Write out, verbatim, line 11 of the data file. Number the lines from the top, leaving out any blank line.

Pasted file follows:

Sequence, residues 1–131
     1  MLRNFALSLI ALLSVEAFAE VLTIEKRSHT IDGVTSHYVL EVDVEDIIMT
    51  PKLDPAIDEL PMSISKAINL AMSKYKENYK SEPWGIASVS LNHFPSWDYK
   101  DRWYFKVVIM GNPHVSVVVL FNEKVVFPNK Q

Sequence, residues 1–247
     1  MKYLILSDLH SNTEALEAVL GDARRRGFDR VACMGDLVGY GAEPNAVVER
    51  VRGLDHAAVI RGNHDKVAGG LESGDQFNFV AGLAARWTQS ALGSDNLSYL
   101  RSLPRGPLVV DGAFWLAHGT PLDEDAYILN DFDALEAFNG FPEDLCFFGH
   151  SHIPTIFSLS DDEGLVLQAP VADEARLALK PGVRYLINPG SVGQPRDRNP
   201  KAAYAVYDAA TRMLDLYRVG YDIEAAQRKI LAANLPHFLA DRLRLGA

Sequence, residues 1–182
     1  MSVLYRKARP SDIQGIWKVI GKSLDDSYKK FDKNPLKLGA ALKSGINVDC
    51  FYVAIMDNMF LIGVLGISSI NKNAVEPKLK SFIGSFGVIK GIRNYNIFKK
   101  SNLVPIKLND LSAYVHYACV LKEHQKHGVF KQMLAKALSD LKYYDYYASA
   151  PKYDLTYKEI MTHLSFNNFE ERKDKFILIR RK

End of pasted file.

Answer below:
Sequence, residues 1–182